What I am trying to accomplish:

There are 4 grid items. At the a widest screen size, I would like the items to be lined up in a row:

item_1 item_2 item_3 item_4

As the screen width shrinks, I would like the items to wrap to the next row like this:

item_1 item_2

item_3 item_4

Then finally at the narrowest, I would like the times to be a single columns





I found an example which does this but by only wrapping the next item when it can – https://labs.jensimmons.com/2017/03-009.html

Building off of that I tried using nested grid containers based on the example's model:

grid-template-columns: repeat(auto-fit, minmax(600px, 1fr));


<div class="outer_grid">
  <div class="grid">
    <div class="item">item 1</div>
    <div class="item">item 2</div>
  <div class="grid">
    <div class="item">item 3</div>
    <div class="item">item 4</div>


.outer_grid {
  grid-template-columns: repeat(auto-fit, minmax(600px, 1fr));
  grid-template-row:1fr 1fr;
  border:5px solid blue;

.grid {
  grid-template-columns: repeat(auto-fit, minmax(300px, 1fr));
  grid-template-row:1fr 1fr;
  border:5px solid green;

.item {
  border:2px solid red;

It is nearly working (codepen below) but I'm not sure if this is the right approach or if there is a better way to accomplish this. I have tried using Flexbox too but chose CSS Grid because of the grid-gap feature. Also, I know it can be done but I am trying to do this without media queries.


  • Nesting containers looks like a good approach, provided you don't need items 1 and 2 ever to interact with items 3 and 4. For example, the order property wouldn't work among them. Media queries, as you noted, is another (possible cleaner and more efficient) option. – Michael_B Jan 14 at 20:43

So from my understanding, you are actually looking for a row of items to be transformed into a column or multiple columns of items when shrinking, without using media queries.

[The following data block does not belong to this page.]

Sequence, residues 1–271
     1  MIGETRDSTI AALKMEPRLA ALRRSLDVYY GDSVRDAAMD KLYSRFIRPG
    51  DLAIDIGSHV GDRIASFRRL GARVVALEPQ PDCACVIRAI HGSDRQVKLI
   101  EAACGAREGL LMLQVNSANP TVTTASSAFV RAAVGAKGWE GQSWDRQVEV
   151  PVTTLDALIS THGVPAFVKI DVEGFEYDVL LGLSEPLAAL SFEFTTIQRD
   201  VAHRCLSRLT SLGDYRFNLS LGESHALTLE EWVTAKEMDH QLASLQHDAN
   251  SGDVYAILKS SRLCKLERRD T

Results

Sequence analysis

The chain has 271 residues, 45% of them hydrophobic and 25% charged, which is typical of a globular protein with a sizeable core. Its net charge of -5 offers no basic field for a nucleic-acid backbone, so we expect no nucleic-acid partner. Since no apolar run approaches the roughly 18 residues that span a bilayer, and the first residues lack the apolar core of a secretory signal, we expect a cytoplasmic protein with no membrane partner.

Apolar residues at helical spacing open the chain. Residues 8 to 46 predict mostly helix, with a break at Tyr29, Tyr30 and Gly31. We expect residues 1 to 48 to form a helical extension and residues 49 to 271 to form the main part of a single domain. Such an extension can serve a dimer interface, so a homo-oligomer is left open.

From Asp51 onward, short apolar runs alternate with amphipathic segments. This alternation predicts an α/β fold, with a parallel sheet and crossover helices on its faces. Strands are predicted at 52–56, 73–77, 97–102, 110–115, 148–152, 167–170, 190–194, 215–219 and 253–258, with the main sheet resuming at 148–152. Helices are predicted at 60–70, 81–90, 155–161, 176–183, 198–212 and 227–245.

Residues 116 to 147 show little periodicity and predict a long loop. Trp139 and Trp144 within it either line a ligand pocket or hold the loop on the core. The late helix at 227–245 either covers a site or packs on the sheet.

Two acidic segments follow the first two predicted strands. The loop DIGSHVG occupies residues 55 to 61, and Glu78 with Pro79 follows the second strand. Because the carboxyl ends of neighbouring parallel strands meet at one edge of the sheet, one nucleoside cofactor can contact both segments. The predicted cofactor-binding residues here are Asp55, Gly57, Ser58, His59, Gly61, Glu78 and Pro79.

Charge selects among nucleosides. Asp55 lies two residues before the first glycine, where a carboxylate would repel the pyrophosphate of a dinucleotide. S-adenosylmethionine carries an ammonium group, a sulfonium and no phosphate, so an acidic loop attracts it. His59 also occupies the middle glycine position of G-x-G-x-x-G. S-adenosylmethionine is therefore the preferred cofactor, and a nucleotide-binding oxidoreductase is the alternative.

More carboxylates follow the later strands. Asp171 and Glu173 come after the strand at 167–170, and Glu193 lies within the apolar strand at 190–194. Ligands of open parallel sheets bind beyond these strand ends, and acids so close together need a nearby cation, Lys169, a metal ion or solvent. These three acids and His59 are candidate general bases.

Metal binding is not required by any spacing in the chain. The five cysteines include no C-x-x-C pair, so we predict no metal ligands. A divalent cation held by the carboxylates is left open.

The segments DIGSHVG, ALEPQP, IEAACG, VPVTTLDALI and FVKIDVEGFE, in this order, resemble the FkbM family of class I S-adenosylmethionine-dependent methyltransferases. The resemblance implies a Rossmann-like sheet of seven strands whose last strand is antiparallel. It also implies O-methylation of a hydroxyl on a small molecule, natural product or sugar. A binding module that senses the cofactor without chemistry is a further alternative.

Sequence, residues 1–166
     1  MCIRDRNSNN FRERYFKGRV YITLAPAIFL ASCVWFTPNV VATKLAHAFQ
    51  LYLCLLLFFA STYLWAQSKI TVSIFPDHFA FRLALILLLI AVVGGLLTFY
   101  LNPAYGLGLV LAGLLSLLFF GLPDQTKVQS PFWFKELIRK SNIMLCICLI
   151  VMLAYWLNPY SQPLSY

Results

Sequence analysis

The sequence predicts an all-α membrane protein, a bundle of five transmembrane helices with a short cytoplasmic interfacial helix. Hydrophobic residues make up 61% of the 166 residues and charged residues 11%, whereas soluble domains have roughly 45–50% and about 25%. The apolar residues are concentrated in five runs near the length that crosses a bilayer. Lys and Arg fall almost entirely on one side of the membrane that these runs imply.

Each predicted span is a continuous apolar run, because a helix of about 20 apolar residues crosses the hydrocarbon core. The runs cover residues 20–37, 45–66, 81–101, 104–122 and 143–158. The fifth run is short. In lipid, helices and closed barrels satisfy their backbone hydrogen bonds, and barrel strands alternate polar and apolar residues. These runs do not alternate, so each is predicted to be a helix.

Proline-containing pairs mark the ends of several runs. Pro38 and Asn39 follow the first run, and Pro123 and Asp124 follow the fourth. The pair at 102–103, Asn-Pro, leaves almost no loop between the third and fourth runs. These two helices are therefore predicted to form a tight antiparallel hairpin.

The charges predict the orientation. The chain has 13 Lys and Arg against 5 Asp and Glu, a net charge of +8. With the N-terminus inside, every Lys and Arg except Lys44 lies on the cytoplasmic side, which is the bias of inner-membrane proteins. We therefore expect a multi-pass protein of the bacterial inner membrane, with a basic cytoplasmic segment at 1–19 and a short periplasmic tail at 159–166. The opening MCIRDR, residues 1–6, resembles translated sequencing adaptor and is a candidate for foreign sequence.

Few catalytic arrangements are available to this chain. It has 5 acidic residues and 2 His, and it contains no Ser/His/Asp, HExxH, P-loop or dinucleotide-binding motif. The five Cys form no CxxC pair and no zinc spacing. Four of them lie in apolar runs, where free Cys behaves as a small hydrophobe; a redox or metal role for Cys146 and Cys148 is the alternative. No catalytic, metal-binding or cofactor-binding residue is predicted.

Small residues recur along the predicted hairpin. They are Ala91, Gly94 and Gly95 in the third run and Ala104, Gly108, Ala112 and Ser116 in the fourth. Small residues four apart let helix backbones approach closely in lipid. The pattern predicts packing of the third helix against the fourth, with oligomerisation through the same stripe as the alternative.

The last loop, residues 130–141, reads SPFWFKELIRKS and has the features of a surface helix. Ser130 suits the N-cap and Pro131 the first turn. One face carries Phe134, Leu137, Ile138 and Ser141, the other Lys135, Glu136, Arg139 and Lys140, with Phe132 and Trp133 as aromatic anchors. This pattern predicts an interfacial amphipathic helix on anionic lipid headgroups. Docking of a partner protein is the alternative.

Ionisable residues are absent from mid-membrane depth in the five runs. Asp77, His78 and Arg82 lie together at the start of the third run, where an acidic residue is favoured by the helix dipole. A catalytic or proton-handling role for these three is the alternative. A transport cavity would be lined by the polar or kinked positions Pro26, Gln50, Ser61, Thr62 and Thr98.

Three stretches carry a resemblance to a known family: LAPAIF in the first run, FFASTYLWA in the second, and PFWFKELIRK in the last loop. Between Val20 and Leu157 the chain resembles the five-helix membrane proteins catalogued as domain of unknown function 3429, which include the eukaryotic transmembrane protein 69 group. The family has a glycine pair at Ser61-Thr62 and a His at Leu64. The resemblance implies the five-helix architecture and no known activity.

Taking this into consideration, the best approach would be to use Flexbox since it's 1 dimensional.

CSS Grid is also powerful but only when you want to make use of 2-dimensional layout (so both rows & columns).

Also is good to know that Flexbox is content-first opposed to CSS Grid which is layout-first.


.flex-container {
    display: flex;
    width: 100%;
    flex-wrap: wrap;
    justify-content: center;

.flex-container .flex-item {
    display: flex;
    min-width: 10rem;
    width: calc((100% - 1rem * 8 * 2) / 8);
    height: 10rem;
    padding: 1rem;
    margin: 1rem;
    align-items: center;
    justify-content: center;
    background: #1d1d1d;
    color: #fff;
    font-size: 2rem;
    font-weight: 500;
    text-align: center;
<div class="flex-container">
    <div class="flex-item">1</div>
    <div class="flex-item">2</div>
    <div class="flex-item">3</div>
    <div class="flex-item">4</div>
    <div class="flex-item">5</div>
    <div class="flex-item">6</div>
    <div class="flex-item">7</div>
    <div class="flex-item">8</div>

  • Thanks for the reply. I have tried using Flexbox as well however I found some drawbacks mainly the ability to control the space on the sides of the first and last boxes. CSS Grid has the Grid-gap property which only adds the space between boxes. I looked at your codepen but it doesn't quite solve what I am looking for...the reason I have tried nested containers is to avoid having a situation where the first row has 3 items and the second row has 1...i am trying to get it to first be 4 items per row, then 2, then 1. – NewbCake Jan 15 at 2:42
  • You can also control the space between items using Flexbox, simply by using :not(:first-child) or :not(:last-child) pseudoselectors, then you add your desired spacing with margin-left: 1rem in the first case or margin-right: 1rem for the second case. Then you create your own calculation rule depending on the number of items. So the formula would be width: calc((100% - ((n-1) * m)) / n) where n is the number of items and m is the gap between them. Hope it helps. – Alexandru Popa Jan 15 at 10:08
  • However, this will work fine only when container will not wrap items because otherwise will create misalignments. – Alexandru Popa Jan 15 at 10:35

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